Users have begun to notice some new features in the Whoop smartphone app. The company has started to add stress tracking and granular workout insights for heart rate zones.
The company appears to be hard at work improving its software. They teased a strength training feature in a future update via an email a couple of weeks ago. The app will be able to assess the effectiveness of your strength training workouts as well as the strain they place on your body.
Breathing exercises were also mentioned in that email. Some users have already begun to notice this aspect of the new functionality.
Essential reading: Top fitness trackers and health gadgets
This seems to be gradually rolling out. Companies implement software rollouts in stages to reduce risks and ensure a smooth transition to the new features. That way they can identify and fix issues before they affect a large number of users. The goal is to lessen the effect of potential bugs on the user base.
Stress tracking and breathing exercises
Stress tracking, as the name implies, keeps track of how your body is activated. For example, if your resting heart rate is higher than usual and your heart rate variability is lower than usual, this can indicate that you are stressed.
The metric ranges from 0 to 3 and is displayed on two separate charts. The first shows your current value, while the second displays a daily chart. This can help people become more aware of their stress levels throughout the day, leading to enhanced overall well-being. You will also receive alerts if the wearable detects that you are under stress.
Another feature that is being added is breathing exercises. They were developed in collaboration with neuroscientist and human performance expert Dr. Andrew Huberman, according to Whoop. There are many to choose from, and they focus on improving your sleep, reducing stress, and keeping you alert.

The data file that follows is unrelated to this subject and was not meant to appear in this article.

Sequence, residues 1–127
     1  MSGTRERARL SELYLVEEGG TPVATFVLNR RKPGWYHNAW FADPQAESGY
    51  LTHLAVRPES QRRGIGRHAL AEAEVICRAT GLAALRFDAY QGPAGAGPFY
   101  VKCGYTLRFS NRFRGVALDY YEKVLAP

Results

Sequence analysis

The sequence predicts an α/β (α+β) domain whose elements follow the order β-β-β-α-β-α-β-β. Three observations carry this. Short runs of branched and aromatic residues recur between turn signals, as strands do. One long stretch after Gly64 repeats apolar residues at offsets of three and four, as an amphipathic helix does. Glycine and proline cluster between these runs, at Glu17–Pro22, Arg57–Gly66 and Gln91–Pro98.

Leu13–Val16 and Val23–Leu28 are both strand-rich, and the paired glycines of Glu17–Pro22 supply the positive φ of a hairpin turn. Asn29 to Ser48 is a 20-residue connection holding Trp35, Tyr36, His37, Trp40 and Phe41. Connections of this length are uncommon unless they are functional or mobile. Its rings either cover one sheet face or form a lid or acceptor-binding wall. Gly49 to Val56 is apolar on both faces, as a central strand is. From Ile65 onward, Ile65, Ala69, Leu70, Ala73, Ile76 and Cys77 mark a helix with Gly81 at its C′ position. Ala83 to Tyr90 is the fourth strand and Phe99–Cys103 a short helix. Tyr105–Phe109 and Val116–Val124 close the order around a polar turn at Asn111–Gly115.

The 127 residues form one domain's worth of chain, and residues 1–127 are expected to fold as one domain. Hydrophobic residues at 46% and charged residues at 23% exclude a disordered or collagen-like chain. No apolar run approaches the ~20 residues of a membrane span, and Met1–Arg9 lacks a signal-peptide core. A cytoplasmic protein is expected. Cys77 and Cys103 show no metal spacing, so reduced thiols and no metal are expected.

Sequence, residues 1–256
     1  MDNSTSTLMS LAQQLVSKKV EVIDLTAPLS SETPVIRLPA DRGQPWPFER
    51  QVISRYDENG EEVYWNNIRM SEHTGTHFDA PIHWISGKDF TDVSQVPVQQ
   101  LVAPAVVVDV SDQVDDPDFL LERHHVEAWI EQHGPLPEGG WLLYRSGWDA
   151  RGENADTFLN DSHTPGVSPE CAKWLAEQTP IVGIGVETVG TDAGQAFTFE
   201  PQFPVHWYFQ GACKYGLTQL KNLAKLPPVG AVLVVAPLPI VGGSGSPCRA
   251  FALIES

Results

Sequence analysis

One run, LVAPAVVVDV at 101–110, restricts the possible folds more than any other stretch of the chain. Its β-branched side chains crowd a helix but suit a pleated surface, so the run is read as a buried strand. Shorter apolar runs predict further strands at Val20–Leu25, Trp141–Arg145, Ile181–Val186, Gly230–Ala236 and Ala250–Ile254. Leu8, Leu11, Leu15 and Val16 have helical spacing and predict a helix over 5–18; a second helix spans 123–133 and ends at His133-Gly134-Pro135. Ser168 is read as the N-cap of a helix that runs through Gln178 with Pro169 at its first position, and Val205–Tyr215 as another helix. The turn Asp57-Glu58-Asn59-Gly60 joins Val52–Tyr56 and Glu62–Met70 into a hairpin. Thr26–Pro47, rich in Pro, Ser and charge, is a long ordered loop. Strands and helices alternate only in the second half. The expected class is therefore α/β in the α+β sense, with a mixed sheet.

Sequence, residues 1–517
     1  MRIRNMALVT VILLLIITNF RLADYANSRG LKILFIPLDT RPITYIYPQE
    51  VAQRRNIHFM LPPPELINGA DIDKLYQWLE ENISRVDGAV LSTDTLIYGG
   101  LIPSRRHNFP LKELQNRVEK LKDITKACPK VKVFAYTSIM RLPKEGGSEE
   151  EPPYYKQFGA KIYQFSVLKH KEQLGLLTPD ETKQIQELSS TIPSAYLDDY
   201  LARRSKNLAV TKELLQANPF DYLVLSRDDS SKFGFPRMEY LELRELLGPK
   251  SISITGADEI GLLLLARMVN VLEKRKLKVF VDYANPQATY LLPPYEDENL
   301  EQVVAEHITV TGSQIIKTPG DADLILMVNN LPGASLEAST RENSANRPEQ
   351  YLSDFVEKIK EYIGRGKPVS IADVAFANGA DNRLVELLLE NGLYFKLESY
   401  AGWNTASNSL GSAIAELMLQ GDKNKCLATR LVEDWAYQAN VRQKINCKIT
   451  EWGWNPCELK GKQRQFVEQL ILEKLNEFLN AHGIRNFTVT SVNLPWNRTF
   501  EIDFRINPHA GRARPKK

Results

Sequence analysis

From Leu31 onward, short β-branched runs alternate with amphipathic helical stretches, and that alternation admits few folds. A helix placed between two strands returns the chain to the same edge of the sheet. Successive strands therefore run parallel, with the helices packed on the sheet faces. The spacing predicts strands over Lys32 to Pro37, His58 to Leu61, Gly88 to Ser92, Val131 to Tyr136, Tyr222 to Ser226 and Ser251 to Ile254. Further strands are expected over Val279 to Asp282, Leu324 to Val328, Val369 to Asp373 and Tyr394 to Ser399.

Detailed heart rate zone information
Another aspect of the update that some users are beginning to notice is detailed breakdowns of heart rate zones you were in for individual workouts. To see if it has arrived on your device, go to the Home Screen and select any workout. If your app has been updated, it will appear.
The information helps provides context for an exercise session. Perhaps this is a precursor to similar information about weightlifting that will be released soon. Regardless, Whoop is doing a good thing by adding more granular information about workouts to the app.
Here’s the before and after screenshot. You could only see your average and maximum heart rates for a specific exercise previously. Following the update, you can now see detailed information on heart rate zones.
Whoop has also announced they have dropped prices of their 12 and 24 month memberships. The first will now cost $239 (down from $300) or $19.9 per month. The second comes in at $399 (down from $480) or $16.6 per month.
Check our our full review of Whoop 4.0. In terms of the breadth of its recovery insights, the device is unique. This ultimately helps you train smarter. Other brands are attempting to match Whoop’s recovery stats, but they still have a long way to go.
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